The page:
One Week After Katrina: How the US responded to a Venezuelan offer of help

In the wake of Hurricane Katrina, and in the midst of disaster, anger, and sadness, it was poignant to hear that the Venezuelan government offered FEMA its humanitarian aid and services, and the use of its oil refineries to help deliver fuel for low-income victims in the U.S., and the aid workers that serve them. (Venezuela’s president Hugo Chavez proposed to sell fuel at discounted rates directly to U.S. gas stations if those stations would pass substantial discounts on to customers who could demonstrate low income.) Venezuela also offered just to help out with our oil refinery problem through shifts in their own production.


Venezuela’s government was elected democratically, and models its social policies after Scandinavian countries, but as Chavez’s popularity has increased, there has been a turn toward despotism and the suppression of free speech. In the last seven years Chavez has endured four failed military coup attempts, initiated by oil-industry outsiders. At least one of these was partially funded and planned by the CIA. These attempts were launched ostensibly because Venezuela is socialist; or because is the only country in the world where substantial oil profits are spent directly on the needs of the poor. But they have strengthened Chavez rather than weakened him, and given ample cover for his own anti-democratic tactics.


All of this is quite poigniant now. Although last months’ headlines are buried now, some will remember that Pat Robertson has recently called for the assasination of Chavez. Robertson’s call follows a long tradition of Chavez’ neo-conservative and neo-liberal critics (including Bush, Cheney, Rove, and Kerry), but it’s embarrassing and weird. We aren’t supposed to know when our leaders plan assassinations, because we’re supposed to think our country is a leader of the free community of nations.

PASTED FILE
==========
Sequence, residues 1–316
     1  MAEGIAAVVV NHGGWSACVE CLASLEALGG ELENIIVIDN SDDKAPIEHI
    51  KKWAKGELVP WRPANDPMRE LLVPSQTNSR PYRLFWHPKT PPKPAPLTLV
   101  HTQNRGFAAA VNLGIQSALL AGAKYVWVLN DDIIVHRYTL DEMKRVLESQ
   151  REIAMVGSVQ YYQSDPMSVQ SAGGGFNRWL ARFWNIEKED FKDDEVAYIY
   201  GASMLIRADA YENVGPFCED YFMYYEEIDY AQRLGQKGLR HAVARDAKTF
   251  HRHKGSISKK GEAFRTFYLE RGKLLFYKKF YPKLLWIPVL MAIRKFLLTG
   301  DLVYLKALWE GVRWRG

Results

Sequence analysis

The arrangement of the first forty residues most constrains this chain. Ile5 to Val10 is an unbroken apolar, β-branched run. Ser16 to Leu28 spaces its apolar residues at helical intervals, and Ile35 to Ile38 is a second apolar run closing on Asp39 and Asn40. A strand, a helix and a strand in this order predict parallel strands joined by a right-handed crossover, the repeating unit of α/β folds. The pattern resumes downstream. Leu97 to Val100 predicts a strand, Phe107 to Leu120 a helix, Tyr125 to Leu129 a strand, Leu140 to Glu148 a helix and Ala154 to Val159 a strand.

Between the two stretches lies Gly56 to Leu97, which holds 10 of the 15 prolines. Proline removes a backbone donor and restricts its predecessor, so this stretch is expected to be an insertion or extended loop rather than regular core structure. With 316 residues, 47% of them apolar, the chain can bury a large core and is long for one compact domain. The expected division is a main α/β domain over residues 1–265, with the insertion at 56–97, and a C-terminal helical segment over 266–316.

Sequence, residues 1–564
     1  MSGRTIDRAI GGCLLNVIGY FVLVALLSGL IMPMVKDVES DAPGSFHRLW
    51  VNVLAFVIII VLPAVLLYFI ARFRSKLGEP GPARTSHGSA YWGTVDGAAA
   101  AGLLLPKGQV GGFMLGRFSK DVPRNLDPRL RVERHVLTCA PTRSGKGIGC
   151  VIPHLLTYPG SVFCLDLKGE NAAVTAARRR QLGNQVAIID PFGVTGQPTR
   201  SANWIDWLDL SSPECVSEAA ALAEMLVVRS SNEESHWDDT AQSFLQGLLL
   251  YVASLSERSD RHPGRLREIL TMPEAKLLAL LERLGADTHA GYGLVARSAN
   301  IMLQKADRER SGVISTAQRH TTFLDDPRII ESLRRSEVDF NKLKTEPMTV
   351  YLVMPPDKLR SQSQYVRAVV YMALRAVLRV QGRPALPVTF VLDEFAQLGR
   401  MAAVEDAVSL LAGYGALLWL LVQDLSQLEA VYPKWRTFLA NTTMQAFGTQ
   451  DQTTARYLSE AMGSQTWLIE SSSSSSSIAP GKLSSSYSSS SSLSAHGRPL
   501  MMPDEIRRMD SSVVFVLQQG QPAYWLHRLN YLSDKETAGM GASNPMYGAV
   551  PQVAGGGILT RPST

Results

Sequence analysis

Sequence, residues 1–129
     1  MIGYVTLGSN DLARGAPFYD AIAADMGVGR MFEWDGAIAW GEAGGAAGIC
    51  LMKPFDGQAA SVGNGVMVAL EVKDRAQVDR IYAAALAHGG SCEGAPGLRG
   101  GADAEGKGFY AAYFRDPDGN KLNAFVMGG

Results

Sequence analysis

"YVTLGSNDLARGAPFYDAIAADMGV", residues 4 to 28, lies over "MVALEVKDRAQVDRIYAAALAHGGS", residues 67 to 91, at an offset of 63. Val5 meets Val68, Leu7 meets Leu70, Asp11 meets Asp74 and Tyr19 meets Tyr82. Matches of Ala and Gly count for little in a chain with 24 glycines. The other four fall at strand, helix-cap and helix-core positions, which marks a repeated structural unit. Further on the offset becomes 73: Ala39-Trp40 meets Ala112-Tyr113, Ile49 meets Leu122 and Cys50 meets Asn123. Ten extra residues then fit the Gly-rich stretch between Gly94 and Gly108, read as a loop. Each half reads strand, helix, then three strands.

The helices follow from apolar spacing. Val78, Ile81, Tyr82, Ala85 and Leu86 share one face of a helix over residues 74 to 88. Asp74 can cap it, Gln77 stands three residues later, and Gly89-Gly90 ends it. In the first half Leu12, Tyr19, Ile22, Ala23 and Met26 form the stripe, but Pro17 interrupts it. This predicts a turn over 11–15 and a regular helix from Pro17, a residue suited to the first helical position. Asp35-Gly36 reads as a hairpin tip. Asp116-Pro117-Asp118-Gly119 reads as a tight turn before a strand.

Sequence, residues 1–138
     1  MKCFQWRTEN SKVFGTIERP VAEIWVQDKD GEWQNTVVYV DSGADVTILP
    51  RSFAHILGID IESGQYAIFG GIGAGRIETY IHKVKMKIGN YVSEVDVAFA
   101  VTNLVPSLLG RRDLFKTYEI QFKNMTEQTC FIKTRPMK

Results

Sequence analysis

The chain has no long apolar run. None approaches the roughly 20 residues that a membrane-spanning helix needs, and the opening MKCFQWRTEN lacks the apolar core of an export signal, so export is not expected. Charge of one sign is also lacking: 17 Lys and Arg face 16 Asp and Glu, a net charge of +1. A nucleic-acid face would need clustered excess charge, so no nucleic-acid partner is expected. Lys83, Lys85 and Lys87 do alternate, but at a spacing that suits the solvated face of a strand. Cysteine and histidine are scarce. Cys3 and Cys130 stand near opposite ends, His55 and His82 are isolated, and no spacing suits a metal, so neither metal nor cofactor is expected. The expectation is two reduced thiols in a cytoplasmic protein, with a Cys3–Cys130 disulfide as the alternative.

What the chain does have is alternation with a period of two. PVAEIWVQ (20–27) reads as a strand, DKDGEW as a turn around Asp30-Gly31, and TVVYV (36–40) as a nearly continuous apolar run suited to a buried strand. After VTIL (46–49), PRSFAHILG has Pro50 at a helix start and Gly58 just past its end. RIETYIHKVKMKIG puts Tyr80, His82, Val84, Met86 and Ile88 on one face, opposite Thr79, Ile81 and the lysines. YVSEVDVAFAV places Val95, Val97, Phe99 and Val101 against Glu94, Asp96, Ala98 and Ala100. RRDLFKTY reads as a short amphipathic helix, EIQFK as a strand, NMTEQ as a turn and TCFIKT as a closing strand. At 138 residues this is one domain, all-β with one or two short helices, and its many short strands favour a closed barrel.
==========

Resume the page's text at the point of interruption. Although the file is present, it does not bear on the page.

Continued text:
But what makes it more remarkable is that while the US was slow to accept post-Katrina aid from Venezuela and other countries in the global south—even though many agencies in those countries have invaluable and rare expertise on tropical storms, disease control, and doing hard work without reliable infrastructure—FEMA meanwhile posted a branch of Pat Robertson’s Christian lobbying organization on a list of its official channels for aid to Katrina’s victims.


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That’s right — “Operation Blessing” was third on the list, right after the Red Cross and Second Harvest. Operation Blessing is a front operation and a tax shelter for a neo-conservative political organization. It has already received over $25 million in federal “faith based” aid under Bush’s programs; now it will get a lot more. And so it becomes clear that some specific ideological boundaries are forming, on the territory of who gets to help whom in the aftermath of American disaster.


Race and the Ideology of Recovery